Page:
NEW YORK (Reuters) - A U.S. Appeals Court on Tuesday declined to consider a deeper legal review of patent settlements by drug companies that pay rivals to delay production of generic drugs, setting the stage for the Supreme Court or Congress to address the matter.
On April 29, a three-judge panel in New York upheld a lower court’s ruling dismissing objections to Bayer AG paying Teva Pharmaceutical Industries Inc’sBarr Laboratories to prevent it from bringing to market a version of the anthrax drug Cipro.
But the panel invited further review by the full nine-judge panel of the U.S. Court of Appeals for the 2nd Circuit, which published an order Tuesday denying the rehearing.
The Federal Trade Commission has lobbied hard to outlaw what it calls “pay for delay” deals because of the antitrust implications. The government supported the petition by labor unions and pharmacies for a rehearing by the full appeals court panel in New York.
Representatives of the FTC could not immediately be reached for a comment.
The FTC has said “pay for delay” cost American consumers $3.5 billion a year in higher prescription drug prices.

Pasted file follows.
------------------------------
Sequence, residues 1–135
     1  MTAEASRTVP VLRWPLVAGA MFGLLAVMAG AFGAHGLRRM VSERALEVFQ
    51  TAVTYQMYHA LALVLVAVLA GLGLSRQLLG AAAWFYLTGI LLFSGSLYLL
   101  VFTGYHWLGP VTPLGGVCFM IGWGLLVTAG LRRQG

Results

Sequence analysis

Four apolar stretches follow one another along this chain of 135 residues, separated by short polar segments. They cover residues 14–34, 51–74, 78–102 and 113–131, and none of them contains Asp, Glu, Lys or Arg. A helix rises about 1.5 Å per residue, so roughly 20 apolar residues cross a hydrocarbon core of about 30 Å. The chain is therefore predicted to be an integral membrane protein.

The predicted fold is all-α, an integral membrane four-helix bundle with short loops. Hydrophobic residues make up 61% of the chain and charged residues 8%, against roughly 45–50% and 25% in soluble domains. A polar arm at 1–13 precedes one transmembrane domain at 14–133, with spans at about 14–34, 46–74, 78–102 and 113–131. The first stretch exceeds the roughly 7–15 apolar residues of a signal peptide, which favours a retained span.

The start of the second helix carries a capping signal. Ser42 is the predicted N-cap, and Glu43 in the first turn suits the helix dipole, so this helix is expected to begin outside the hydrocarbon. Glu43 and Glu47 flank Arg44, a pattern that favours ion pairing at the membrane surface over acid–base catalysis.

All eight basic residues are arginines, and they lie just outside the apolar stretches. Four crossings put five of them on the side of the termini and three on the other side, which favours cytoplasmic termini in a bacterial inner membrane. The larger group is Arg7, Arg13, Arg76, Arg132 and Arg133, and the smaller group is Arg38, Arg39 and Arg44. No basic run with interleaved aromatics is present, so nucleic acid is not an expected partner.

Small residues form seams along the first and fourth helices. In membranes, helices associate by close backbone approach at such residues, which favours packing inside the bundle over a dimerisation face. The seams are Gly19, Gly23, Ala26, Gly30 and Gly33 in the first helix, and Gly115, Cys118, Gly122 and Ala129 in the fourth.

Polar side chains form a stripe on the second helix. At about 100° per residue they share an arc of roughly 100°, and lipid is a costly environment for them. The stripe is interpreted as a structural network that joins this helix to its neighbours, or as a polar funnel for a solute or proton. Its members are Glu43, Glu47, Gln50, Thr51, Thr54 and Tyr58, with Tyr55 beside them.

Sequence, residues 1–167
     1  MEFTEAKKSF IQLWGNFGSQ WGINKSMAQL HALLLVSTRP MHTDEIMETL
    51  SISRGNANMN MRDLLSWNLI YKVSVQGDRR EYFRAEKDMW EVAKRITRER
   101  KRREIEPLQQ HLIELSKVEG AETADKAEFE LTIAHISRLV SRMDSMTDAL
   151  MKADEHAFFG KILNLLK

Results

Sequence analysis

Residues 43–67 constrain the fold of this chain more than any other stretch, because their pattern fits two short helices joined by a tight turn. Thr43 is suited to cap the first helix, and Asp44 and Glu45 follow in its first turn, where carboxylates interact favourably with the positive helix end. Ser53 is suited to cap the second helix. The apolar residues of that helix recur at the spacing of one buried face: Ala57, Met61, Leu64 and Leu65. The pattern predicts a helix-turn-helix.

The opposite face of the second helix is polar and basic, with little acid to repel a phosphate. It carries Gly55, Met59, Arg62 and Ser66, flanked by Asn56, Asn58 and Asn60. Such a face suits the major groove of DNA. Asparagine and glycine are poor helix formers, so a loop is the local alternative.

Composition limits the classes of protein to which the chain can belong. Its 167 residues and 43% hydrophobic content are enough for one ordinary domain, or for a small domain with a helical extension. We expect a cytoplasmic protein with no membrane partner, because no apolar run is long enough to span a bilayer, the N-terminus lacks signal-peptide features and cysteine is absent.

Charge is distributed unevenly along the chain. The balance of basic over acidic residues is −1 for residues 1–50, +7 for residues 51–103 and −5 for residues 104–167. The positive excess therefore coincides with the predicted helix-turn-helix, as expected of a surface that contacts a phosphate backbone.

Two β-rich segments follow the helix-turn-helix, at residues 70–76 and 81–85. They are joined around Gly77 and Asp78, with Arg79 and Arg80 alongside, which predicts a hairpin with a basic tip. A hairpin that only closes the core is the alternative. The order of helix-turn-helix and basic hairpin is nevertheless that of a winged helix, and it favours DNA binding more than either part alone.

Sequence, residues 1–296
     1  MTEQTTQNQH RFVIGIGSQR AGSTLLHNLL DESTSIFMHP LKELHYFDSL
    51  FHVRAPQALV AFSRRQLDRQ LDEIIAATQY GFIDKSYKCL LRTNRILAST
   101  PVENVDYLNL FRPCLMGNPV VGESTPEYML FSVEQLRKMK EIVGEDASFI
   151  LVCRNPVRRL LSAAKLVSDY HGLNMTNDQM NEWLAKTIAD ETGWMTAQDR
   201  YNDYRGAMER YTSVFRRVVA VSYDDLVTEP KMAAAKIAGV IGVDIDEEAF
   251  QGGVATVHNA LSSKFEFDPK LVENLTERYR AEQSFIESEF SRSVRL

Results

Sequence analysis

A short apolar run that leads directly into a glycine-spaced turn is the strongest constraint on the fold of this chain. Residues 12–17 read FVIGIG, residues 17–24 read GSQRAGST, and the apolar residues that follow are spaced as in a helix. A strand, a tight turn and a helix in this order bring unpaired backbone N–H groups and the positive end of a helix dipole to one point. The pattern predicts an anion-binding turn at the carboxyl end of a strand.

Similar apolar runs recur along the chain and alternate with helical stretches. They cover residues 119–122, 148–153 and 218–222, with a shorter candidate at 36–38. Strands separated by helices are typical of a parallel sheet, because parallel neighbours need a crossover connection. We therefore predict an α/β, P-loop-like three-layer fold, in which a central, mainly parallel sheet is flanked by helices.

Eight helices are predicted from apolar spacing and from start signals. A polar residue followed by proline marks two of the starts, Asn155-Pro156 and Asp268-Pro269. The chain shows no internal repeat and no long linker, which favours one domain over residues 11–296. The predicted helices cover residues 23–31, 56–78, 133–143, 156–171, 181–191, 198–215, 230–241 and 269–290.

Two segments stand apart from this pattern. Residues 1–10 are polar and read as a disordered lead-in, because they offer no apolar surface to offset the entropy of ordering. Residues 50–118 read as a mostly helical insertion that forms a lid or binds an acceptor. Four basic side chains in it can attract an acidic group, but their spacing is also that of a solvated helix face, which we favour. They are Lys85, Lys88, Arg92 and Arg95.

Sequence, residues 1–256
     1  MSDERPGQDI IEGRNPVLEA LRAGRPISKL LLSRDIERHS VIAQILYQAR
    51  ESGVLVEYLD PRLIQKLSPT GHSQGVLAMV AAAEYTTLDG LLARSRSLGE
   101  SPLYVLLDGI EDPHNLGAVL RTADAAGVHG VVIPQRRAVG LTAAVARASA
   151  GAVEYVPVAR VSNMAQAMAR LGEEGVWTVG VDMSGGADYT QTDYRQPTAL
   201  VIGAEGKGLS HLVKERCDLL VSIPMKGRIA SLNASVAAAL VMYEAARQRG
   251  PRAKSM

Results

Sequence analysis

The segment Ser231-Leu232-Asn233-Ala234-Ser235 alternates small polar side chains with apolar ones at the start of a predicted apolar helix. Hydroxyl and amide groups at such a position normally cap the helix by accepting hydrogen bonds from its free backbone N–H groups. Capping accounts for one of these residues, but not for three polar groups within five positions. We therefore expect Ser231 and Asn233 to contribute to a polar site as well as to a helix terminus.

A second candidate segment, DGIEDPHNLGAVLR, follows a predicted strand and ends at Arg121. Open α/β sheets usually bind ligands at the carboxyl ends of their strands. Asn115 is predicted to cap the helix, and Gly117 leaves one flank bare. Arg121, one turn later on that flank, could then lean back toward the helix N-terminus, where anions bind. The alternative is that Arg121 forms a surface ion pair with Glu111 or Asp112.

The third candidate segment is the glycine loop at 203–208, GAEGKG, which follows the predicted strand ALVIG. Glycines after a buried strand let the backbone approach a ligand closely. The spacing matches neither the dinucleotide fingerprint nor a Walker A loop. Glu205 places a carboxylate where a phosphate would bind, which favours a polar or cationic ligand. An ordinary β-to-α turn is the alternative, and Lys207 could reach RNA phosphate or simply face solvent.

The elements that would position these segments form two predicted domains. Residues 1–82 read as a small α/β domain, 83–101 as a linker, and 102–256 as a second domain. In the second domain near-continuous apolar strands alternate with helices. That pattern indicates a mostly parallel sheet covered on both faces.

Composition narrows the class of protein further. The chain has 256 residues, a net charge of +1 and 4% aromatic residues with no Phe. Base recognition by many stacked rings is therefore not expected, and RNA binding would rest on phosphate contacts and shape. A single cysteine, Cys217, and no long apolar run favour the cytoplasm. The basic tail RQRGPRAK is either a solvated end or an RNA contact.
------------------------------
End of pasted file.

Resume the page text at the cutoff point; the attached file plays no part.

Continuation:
The April ruling cited a legal precedent in a 2005 ruling over the drug Tamoxifen used to treat everything from infertility to breast cancer.
In a dissenting opinion attached to Tuesday’s order, Judge Rosemary Pooler said “this court has played a significant role in encouraging this unfortunate practice.”
She wrote that our “Tamoxifen decision unambiguously deserves re-examination. The Tamoxifen majority recognized the ‘troubling dynamic’ of permitting exclusion payments that ‘inevitably protect patent monopolies that are, perhaps, undeserved.’”
Pooler said “it will be up to the Supreme Court or Congress to resolve the conflict among the courts of appeals.”
David Balto, a former FTC policy director, called the decision “a horrible day for consumers. The second circuit’s decision supports a rule of law that costs consumers billions of dollars every year in higher prices.”
The case is In re: Ciprofloxacin Hydrochloride Antitrust Litigation, U.S. District Court for the Southern District of New York, No. 05-2851 and No. 05-2852.
Reporting by Grant McCool in New York and Diane Bartz in Washington; Editing by Maureen Bavdek